Jeremy is a musical genius and a down to earth guy. Ive had the opportunity to sit in on many different recording sessions with my client Ryan Gordon and Jeremy has helped make creating this EP a super easy and fun experience! Easy to communicate with and has been an absolute pleasure working with him. If you're ready for next level material, he's your guy.
Interview with Jeremy Wurst
Q: Tell us about your studio setup.
A: I run a Pro Tools rig with Apogee Symphony converters and Genelec monitors. I have a lot of gear, but my favorite pieces are my Undertone Audio preamps, Fender Jazzmaster, Retro 176 compressor, and a vintage Roland Space Echo.
Q: What's your typical work process?
A: I start with a detailed conversation with the client. Find out what their favorite records are and get a general sense of where they're coming from. Then I try to schedule some pre production to focus on tweaks to arrangements and get a sense of the song as a whole. My tracking methods vary from project to project. It's all about putting the musicians in the headspace where they are most comfortable which allows them to be the most creative. The mixing process is where I feel most creative. I usually start with the focal point of the song (vocals, drums, bass) and work from there. A mix typically takes about a half day to a full day depending on number of tracks. Revisions occur until everyone is 100% satisfied with the result.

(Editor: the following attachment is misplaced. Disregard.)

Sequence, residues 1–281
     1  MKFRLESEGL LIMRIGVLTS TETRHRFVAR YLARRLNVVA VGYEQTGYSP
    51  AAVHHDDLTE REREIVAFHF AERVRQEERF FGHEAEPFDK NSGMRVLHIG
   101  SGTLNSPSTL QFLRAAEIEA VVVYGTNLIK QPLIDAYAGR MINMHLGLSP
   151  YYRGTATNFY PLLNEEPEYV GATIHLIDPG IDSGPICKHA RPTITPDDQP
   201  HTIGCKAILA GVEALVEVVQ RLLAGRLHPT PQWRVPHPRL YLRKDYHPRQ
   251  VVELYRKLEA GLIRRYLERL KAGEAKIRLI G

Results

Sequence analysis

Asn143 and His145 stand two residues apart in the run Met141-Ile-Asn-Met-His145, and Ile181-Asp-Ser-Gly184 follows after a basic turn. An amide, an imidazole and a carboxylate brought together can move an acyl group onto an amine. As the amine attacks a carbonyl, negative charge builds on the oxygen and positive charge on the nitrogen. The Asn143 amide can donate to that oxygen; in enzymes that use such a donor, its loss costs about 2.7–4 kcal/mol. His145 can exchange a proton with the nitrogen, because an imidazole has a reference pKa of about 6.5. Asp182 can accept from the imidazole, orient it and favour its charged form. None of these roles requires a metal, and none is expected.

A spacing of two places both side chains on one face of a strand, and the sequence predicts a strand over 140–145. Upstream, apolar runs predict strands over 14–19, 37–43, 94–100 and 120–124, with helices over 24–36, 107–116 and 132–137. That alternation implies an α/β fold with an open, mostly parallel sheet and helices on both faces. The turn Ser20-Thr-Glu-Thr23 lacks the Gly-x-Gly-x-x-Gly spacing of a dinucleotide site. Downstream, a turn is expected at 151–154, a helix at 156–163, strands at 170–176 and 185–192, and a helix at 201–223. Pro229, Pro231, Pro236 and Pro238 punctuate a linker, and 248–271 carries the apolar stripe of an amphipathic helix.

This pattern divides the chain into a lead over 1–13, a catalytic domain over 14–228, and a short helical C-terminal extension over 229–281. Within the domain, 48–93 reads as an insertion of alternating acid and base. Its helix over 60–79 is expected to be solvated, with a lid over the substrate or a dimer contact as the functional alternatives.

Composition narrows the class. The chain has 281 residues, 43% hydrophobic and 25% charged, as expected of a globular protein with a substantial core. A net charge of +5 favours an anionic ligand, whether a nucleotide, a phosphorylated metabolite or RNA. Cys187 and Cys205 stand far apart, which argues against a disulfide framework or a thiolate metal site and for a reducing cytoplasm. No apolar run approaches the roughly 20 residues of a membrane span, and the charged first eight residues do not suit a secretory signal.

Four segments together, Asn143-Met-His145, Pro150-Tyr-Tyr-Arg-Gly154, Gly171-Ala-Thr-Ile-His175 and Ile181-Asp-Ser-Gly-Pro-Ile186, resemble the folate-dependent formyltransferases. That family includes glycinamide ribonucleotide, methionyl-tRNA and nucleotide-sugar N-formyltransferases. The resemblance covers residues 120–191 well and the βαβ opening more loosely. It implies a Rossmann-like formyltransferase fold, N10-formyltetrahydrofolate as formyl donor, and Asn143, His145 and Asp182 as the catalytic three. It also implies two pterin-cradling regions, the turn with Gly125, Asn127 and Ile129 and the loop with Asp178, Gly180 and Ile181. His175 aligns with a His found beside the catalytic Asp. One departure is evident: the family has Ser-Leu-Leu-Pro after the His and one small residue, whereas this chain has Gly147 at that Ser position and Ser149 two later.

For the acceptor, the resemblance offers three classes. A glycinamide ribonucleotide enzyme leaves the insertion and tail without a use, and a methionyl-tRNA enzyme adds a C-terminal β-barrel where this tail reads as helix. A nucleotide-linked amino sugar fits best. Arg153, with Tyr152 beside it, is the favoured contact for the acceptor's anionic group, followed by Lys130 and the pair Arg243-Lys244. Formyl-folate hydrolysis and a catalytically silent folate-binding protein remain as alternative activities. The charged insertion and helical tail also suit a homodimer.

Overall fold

Q: What other musicians or music production professionals inspire you?
A: Musicians: Death Cab For Cutie, City and Colour, Jenny Lewis, John Mayer, Brand New, Wilco, Against Me!, Motion City Soundtrack, Queens of the Stone Age, Ray Lamontagne, Maroon 5, Rilo Kiley, The Shins, Silversun Pickups, The Strokes, Switchfoot, Tegan and Sara, Underoath, American Football Producers/Mixers: Chris Walla, Dave Cobb, Eric Valentine, Jacquire King, Rob Schnapf, Rich Costey, Brad Wood, Tom Lord-Alge, Michael Brauer, Butch Vig, Aaron Sprinkle, Joe Chiccarelli, Richard Swift, John Agnello
Q: Describe the most common type of work you do for your clients.
A: Production, tracking, and mixing.
Q: Tell us about a project you worked on you are especially proud of and why. What was your role?
A: I'm especially proud of the Evan Bartels and the Ryan Gordon records. Those records were a labor of love. Great people making great music.
Q: What are you working on at the moment?
A: I'm working on producing an upcoming artist named Ryan Gordon. He's got a great batch of songs and it's been really great bouncing ideas off of each other to find the best voice for his songs. I've also been finishing up a project with a really cool throwback surf band called The Anonymous Henchman.